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Copyright ©2014 Parliament of the Co-operative Republic of Guyana.

Budget Debate 2013

Hits: 3705 | Published Date: 05 Apr, 2013
| Speech delivered at: 44th Sitting- Tenth Parliament
| Speech Delivered by : Hon. Pauline Campbell-Sukhai, MP

Minister of Amerindian Affairs [Mrs. Campbell-Sukhai]: Mr. Speaker, I take this opportunity to add my compliments to the Hon. Ashni Kumar Singh and the team from the Ministry of Finance for achieving, once again, the goal of presenting to the National Assembly Budget 2013.
The Budget theme, “Overcoming Challenges Together, Accelerating Gains for Guyana”, is reflective of the approach needed to attain the Guyanese dream. The allocation of $208.8 billion targets improvement in all sectors and it also scores very highly when it comes to the welfare and development of Amerindians, while, at the same time, the Budget sets realistic projections for growth and development which is required to sustain a better life for our nation.
The state of affairs of Indigenous peoples in the world today reflects advancements in certain respects of human rights and development and, on the other side, it also notes the challenges yet to be overcome.
The incremental increases in our national income and the prudent management of the economy have resulted in positive growth rates, thereby enabling the People’s Progressive Party/Civic Government in solidifying efforts and measures aimed at alleviating existing vulnerabilities and expanding our achievements.
I feel proud of Guyana’s Constitution, the highest law of our land, which makes provision for Indigenous people to be empowered. Guyana sets the pace for inclusion and participation of Amerindians in many policy-making bodies, reinforcing the basic tenets of non-discrimination against Indigenous peoples.
As we speak of Indigenous people’s representatives playing a role in their development, I noted the Hon. Dawn Hastings’ expressed opinion that the National Toshaos Council (NTC) is not independent, justifying this by pointing out that it is housed at the Ministry of Amerindian Affairs and does not having independent funding.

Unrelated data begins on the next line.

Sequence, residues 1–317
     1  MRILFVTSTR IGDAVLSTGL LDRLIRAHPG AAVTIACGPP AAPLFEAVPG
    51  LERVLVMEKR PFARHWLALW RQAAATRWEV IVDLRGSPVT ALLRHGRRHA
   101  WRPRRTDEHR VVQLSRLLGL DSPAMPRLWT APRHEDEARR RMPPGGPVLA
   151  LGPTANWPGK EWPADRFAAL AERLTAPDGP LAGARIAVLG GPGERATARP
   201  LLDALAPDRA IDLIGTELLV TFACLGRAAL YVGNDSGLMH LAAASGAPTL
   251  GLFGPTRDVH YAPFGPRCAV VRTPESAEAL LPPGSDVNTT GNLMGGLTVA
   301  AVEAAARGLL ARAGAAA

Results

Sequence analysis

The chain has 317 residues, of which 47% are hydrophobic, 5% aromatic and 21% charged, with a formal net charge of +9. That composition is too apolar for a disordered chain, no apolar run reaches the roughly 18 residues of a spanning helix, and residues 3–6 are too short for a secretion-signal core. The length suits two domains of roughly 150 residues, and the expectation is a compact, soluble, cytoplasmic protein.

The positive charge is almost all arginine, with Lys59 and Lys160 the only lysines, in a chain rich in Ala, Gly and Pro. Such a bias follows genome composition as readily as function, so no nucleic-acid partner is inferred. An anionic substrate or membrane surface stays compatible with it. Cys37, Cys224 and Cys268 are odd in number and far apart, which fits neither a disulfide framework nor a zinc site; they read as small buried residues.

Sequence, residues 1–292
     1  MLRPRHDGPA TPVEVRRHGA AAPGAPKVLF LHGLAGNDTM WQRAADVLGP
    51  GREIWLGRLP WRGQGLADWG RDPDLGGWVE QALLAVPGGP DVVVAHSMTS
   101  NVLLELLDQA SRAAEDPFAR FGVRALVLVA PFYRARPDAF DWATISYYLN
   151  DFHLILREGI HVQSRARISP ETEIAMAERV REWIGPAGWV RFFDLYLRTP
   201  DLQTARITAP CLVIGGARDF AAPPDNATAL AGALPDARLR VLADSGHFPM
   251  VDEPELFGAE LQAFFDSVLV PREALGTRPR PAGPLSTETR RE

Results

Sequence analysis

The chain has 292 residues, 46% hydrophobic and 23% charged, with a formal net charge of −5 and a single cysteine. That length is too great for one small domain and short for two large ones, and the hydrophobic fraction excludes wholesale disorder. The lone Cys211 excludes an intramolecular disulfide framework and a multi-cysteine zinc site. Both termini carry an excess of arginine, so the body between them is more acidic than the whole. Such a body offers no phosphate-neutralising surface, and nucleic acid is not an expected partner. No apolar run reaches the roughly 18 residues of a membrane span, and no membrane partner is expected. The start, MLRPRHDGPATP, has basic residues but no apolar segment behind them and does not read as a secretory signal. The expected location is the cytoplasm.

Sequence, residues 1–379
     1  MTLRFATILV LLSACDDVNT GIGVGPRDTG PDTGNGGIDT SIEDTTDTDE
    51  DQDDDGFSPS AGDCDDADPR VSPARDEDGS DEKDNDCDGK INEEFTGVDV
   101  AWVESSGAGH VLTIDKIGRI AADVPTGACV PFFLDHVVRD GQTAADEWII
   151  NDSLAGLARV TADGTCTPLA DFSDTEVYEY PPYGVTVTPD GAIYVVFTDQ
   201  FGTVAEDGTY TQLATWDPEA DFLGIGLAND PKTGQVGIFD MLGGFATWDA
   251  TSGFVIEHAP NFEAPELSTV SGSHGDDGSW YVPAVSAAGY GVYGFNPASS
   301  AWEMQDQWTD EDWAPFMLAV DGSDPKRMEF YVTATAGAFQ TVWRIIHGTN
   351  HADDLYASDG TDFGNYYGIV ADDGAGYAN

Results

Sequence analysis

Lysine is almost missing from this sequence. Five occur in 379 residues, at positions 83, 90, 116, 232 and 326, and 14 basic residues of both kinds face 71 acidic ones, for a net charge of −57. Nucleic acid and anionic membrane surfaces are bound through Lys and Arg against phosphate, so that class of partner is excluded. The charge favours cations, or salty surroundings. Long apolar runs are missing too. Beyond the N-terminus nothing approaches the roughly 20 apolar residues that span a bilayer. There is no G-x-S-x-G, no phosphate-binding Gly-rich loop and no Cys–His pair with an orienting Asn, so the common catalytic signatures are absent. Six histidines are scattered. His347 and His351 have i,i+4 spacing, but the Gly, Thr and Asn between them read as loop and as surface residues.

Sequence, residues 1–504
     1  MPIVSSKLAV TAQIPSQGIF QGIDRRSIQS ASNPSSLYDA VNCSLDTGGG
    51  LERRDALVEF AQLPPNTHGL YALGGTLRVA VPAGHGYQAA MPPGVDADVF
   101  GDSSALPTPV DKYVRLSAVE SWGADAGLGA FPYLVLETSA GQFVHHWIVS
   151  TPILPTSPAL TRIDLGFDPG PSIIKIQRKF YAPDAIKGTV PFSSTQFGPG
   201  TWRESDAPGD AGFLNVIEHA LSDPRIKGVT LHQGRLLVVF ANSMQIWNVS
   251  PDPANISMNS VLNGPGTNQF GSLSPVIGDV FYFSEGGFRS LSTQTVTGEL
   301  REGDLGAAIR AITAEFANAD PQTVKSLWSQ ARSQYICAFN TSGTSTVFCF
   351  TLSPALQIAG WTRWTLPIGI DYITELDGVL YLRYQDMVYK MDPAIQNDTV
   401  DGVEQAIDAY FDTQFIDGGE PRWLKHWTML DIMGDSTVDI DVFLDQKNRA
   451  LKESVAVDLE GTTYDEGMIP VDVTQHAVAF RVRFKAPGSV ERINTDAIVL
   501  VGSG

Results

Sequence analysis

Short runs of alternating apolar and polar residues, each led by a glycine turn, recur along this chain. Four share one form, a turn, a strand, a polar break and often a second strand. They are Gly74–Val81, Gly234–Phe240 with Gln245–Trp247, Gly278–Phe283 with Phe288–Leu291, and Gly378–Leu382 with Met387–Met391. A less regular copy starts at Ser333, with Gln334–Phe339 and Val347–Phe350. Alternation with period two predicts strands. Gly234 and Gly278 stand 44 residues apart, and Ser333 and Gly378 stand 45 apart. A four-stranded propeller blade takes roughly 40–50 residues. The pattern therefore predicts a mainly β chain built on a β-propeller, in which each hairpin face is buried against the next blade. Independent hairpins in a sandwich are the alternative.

This Government recognises the profound role for the NTC. We recognise that this Council of elected leaders is working to strengthen the structure and build capacity to carry out its functions, we are aware, as a Government, that the village councils are still not paying up their subscription rates while the NTC too have not been able to mobilise funding through fundraising which is very minimal at the moment.  With this being the case, the Government of Guyana makes an annual contribution to the NTC for its operational expenses and exerts no power or pressure on the NTC or its membership.
Government support to indigenous organisations and institutions is nothing new. The Government today provides funding to the operation of a constitutionally established rights commission with objectives to examine complaints of infringements of the law and rights related to Indigenous people. A criticism was made in this House about the Indigenous People’s Commission (IPC) of not addressing the rights of Amerindians and not doing anything about it. Mr. Speaker, you are well aware that they have presented to you their annual reports since the establishment of the IPC, a mere two years ago.